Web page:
Posts Tagged ‘Diner’

Mike’s Chili Parlor – 12/17/11


Location: 1447 NW Ballard Way


Mon-Thurs: 11am-11pm

Friday: 11am-12am

Saturday: 12pm-8pm

Cash Only

Mike’s Chili Parlor is a 72 year old Ballard institution. The distinctive Art Deco building has stared down modernity and continues to survive in new Ballard. A dive bar/diner that specializes in chili for decades to the point that even the Food Network has recognized their longevity in an episode of Diners, Drive-Ins, and Dives.

Mike’s is a tiny, one room bar with an old school diner counter running along one wall with a view of the huge pot of chili simmering on the stove. Along the opposite wall are booths with sagging red vinyl benches and in between are a couple of tall tables. Also crammed in to the small space is a pool table. How anyone can play pool without hitting everyone nearby, I do not know.

Their specialty is chili. Meat chili served over beans in bowls. Scooped over pasta, fries, hot dogs, and burgers. Sure you can order a plain burger or hot dog but why would you go to a place called Mike’s chili and not order chili? This is East Coast chili, with a Greek pedigree.  Not a vegetarian/vegan friendly place. They have a full bar, draft beer, and wine as well.

The Service:

Probably the fastest service we’ve had over the course of this project. We had barely sat down before the server came over to ask for our drink order. Friendly, too.

The Drinks:

I had a Manny’s Pale Ale, my default beer when there’s nothing else on draft that I’d like to try.

J ordered a Long Island Iced Tea. The quintessential, dive bar Long Island. Neither terrific nor horrible. Perfectly serviceable with just a hint of tequila.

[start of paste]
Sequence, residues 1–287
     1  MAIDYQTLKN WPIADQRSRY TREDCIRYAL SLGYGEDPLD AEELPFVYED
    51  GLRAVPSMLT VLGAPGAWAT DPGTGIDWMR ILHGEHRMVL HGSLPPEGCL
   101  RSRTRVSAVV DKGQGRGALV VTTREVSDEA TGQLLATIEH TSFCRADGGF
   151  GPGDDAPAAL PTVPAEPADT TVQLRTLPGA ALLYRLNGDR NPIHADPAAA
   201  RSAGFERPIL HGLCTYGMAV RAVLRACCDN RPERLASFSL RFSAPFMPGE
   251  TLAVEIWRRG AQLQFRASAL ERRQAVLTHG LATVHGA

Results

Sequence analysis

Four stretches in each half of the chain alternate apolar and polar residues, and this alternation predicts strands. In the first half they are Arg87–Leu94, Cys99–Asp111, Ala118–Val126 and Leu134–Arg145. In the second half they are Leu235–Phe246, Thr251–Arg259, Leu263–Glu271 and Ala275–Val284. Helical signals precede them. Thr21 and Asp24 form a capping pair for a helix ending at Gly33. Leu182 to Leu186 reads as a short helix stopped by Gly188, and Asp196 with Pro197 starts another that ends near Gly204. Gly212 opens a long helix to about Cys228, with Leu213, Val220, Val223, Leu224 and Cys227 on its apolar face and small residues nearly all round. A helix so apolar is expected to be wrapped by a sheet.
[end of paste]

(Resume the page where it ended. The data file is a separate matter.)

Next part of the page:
The Food:

I chose the traditional Bowl of Chili, served over beans with cheese and onion. The first thing I noticed was how dark red it was. They must add a hefty portion of paprika to the spice blend. After a couple of bites, I found it to been very spicy, a little greasy, and way too salty. So salty, in fact, that I ended up drinking a couple of glasses of water afterwards because I was so thirsty. I did like the texture of the finely ground beef though. It made me nostalgic for taco salads. I liked the fact that they pour it over the beans so they stayed firm rather than turning to mush. I think I would have enjoyed the depth of spicy flavor of the chili more had it not been so salty.

J ordered an East Coast/Midwest favorite, Chili Pasta with cheese and onion. He loved his chili so much so that he lamented the fact that he’d ordered a small rather than a large. The pasta apparently helped cut the spiciness and saltiness of his chili because he didn’t have any complaints. He liked how finely diced the onions were so they ended up being a condiment rather than a feature of the chili. All in all, he thought it hit the spot.

The Price:

Manny’s Pale Ale: 4.25

Long Island Iced Tea: 8.00

Bowl of Chili: 5.50

Sm. Chili Pasta: 6.75

The Verdict:

J and I are kind of split on Mike’s Chili Parlor. He loved his chili pasta, partially out of nostalgia, I think. There aren’t many places in Seattle that serve chili over pasta. I thought my chili was way too salty. I would be willing to give Mike’s another chance to see if it was just a freak, salty batch of chili since I did like the texture of the meat.  Perhaps on some cold winter night, we’ll go back.


Ballard Smoke Shop Restaurant – 8/6/11

No Website

Location: 5439 Ballard Ave NW


Mon-Sun: 6am-2am

Nearly everyone to whom I mentioned the Ballard Smoke Shop Restaurant went on to ask where it was. Even J couldn’t remember where it was when I suggested we have breakfast there on Saturday. It seems to be perpetually overshadowed by the dive bar nature of the attached Ballard Smoke Shop Lounge.